Almost a third of drugs cleared by the Food and Drug Administration pose safety risks that are identified only after their approval.
A research study published in January, 2017 set out to determine the impact of psychotropic medication use on the association between PTSD and the risk for dementia in a nationally representative sample of US veterans aged 56 years and older.
PTSD has become blurred as a catch-all diagnosis for some 175 combinations of symptoms, becoming the label for identifying the impact of adverse events on ordinary people. This means that normal responses to catastrophic events have often been fraudulently interpreted as mental disorders. The favored “treatment” for PTSD is psychotropic drugs known to cause violence and suicide.
In their study, researchers examined information from 3,139,780 veterans aged 56 and older.
“Researchers discovered that taking certain antidepressants, tranquilizers, sedatives, or antipsychotic medications significantly increased veterans’ risks for developing dementia compared to the risks for veterans who didn’t take such medications.”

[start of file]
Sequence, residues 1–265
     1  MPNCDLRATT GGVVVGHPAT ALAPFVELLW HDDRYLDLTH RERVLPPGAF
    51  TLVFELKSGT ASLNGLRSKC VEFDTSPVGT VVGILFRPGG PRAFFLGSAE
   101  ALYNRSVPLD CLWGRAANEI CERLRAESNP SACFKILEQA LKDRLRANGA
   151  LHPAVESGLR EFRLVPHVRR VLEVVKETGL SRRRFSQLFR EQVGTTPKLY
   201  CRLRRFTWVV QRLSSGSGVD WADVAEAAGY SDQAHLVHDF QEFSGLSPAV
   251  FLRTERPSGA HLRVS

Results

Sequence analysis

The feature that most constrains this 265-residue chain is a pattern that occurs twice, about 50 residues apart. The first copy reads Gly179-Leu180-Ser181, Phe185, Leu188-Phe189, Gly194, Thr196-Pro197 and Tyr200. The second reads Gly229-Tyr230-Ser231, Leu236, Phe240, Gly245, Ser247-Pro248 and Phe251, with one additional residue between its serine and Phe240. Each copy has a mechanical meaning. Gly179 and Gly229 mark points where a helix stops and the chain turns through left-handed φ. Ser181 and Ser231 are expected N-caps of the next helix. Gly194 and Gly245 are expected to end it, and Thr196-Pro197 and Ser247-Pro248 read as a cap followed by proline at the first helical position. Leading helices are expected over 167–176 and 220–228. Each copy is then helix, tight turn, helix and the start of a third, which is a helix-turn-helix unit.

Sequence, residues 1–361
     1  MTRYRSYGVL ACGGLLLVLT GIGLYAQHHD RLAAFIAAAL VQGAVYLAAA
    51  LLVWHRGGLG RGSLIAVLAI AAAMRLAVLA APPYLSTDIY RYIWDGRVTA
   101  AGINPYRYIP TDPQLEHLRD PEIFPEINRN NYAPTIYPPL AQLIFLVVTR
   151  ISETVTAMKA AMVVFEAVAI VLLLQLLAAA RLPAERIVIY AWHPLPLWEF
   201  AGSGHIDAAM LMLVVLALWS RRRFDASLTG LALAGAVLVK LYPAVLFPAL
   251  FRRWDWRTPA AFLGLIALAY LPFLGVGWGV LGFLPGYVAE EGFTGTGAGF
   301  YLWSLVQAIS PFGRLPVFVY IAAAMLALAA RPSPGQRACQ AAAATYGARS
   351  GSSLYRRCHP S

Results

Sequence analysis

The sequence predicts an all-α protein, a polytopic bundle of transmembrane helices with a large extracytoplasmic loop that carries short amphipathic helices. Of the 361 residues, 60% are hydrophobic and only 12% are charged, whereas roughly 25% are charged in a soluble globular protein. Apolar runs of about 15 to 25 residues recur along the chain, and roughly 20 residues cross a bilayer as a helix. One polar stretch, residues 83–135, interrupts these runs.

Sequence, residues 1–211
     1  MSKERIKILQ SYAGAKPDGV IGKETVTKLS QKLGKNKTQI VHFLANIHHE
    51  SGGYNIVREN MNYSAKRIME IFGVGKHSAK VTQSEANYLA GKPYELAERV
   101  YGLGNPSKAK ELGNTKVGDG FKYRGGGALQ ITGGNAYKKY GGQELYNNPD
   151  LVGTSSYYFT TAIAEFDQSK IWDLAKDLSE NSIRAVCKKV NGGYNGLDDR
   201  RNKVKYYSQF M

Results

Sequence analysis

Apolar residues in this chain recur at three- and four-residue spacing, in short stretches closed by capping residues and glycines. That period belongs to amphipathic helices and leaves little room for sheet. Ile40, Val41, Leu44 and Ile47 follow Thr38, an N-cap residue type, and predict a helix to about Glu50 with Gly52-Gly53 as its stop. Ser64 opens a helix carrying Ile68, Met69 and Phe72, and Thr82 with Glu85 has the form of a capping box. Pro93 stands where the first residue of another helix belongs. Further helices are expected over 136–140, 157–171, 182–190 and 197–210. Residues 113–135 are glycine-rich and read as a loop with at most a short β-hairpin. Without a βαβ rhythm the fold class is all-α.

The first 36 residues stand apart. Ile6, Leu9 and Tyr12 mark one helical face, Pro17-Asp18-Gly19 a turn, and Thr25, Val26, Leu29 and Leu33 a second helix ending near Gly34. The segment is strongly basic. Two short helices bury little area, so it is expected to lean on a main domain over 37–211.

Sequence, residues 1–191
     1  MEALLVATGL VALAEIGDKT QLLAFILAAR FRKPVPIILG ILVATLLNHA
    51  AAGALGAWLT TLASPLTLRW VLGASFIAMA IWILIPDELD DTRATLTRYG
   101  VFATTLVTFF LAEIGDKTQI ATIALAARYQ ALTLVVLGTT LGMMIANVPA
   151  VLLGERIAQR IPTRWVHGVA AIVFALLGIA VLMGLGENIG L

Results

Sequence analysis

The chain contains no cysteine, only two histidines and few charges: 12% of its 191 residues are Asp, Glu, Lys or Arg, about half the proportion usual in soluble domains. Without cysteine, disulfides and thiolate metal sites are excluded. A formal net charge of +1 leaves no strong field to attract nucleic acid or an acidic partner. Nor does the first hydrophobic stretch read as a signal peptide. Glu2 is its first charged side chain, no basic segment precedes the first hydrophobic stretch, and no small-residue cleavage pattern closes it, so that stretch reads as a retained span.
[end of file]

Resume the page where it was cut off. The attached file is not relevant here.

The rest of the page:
The increase in the risk of dementia for veterans taking the drugs was the same whether or not they were diagnosed with PTSD.
Stated another way, patients diagnosed with PTSD using selective serotonin reuptake inhibitors, novel antidepressants, or antipsychotics were significantly more likely to be diagnosed with dementia compared to both those with and without a PTSD diagnosis but without any identified psychotropic medication use; and patients using benzodiazepines or serotonin-norepinephrine reuptake inhibitors appear to have an elevated risk for dementia diagnosis regardless of a PTSD diagnosis.
The bottom line seems to be that using psychiatric drugs increases one’s chance to develop dementia — one more reason that the first alternative to taking psychiatric drugs is just not taking them.
Click here for more information about the harm caused by psychiatric drugs.